The ancestors of today’s lice, and their bird and mammal hosts, were thriving and diversifying into different species before, not after, dinosaurs went extinct. So say scientists in a report in today's journal Biology Letters.
An international team, including scientists at the Natural History Museum, carried out a genetic and fossil study and produced a family tree showing the evolutionary history of lice. By putting a time-scale on this family tree, their data suggests that dinosaurs probably had lice.
Parasitic lice are dependent on their hosts such as birds and mammals for their survival. This dependency is so strong that their evolutionary histories are closely tied together. Many lice have evolved body shapes that allow them to live on specific parts of the host body. For example, wing lice are often adapted to the space between the barbs of wing feathers. The different sizes of this gap in different bird species makes it hard for the lice to ever change hosts.
Close-up of ostrich louse species, Struthiolipeurus. This study found that lice were diversifying, along with their bird and mammal hosts, before the dinosaurs went extinct 65 million years ago.
The team showed that parasitic lice evolved about 130 million years ago and that they were already diversifying before the event that caused the extinction of the dinosaurs and many other animals 65 million years ago.
If lice were diversifying, so too were their bird and mammal hosts, the team says. ‘Lice are like living fossils,’ says Cybertaxonomist Dr Vince Smith at the Natural History Museum who led the research. ‘The record of our past is written in these parasites, and by reconstructing their evolutionary history we can use lice as markers to investigate the evolutionary history of their hosts.’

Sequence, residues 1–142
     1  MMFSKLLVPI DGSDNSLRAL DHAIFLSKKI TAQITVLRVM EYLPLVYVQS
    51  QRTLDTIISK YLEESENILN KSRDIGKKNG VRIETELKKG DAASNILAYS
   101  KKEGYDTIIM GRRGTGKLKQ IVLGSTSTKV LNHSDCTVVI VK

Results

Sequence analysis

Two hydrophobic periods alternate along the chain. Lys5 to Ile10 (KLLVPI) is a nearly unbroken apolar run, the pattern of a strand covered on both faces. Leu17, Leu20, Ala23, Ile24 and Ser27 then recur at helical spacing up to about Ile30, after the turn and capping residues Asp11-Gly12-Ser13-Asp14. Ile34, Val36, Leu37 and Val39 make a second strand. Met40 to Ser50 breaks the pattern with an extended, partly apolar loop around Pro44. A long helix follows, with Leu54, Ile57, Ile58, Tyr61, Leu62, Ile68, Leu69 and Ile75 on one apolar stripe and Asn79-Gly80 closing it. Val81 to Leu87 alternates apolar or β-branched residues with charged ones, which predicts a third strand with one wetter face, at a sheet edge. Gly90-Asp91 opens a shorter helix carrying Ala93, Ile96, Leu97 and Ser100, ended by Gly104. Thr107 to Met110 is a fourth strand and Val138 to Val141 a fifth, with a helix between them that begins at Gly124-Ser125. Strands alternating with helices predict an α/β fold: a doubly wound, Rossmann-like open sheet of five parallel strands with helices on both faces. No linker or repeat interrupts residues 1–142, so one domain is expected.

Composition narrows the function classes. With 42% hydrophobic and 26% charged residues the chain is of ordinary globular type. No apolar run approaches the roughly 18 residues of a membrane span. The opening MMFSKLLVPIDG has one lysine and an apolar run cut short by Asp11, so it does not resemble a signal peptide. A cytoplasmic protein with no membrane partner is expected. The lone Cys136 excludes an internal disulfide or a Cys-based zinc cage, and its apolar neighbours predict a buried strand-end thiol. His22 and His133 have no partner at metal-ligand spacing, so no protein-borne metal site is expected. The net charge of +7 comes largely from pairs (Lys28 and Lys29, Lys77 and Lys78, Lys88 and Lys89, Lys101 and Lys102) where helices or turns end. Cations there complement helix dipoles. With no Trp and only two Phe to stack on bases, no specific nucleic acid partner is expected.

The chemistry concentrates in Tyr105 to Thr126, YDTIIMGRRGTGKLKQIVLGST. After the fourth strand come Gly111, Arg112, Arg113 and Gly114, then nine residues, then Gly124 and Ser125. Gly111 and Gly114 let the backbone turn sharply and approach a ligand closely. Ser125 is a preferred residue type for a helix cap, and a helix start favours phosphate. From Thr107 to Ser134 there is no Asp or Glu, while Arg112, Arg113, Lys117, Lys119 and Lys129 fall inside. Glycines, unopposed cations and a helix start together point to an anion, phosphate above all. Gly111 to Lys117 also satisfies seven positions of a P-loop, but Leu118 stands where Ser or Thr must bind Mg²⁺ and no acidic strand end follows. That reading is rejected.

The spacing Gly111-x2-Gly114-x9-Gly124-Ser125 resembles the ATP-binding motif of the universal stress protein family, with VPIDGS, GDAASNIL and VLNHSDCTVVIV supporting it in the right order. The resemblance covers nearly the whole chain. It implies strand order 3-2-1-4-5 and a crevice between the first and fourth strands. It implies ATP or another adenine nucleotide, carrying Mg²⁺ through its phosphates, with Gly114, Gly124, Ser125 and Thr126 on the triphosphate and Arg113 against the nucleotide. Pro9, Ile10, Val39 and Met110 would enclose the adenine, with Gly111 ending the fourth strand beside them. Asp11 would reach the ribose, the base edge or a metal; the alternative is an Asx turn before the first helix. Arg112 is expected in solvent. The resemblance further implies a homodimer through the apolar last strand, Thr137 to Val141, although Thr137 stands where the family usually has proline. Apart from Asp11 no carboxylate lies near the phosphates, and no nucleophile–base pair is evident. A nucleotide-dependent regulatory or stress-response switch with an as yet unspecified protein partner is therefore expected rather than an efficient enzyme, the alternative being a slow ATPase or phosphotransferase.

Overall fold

This research supports the idea that some of the major groups of birds and mammals around today were present before the dinosaurs went extinct, rather than the other main theory that they diversified after the dinosaurs had died out.
Close-up of mammal louse Trichophilopterus babakotophilus from a Madagascan lemur.
The team compared the DNA sequences of genes from 69 living louse species. Changes in the genes are a reliable measure of relatedness among different species in the same group. These changes accumulate over time and can be used to work out a rough timeline of the evolution of related groups of organisms.
Their study also included louse fossils that are extremely well preserved: a 44-million-year-old bird louse fossil and a 100 million-year-old book louse fossil (family Liposcedididae), which is a close relative of modern parasitic lice.
The results revealed that lice were around at a time when feathered dinosaurs lived. Feathers, along with hair and fur on mammals, are a habitat and food resource for lice.
Kevin Johnson of the University of Illinois who was part of the research team adds, ‘Our analysis suggests that both bird and mammal lice began to diversify before the mass extinction of dinosaurs.
'And given how widespread lice are on birds, in particular, and also to some extent on mammals, they probably existed on a wide variety of hosts in the past, possibly including dinosaurs.’
Birds evolved from dinosaurs. ‘So maybe birds just inherited their lice from dinosaurs,' concludes Johnson.
Encounter life on Earth millions of years ago with our latest activity book, Age of the Dinosaur.
Aimed at budding young dino enthusiasts, the book is a great introduction to dinosaurs and the world they lived in. It accompanies our Age of the Dinosaur exhibition, now on tour.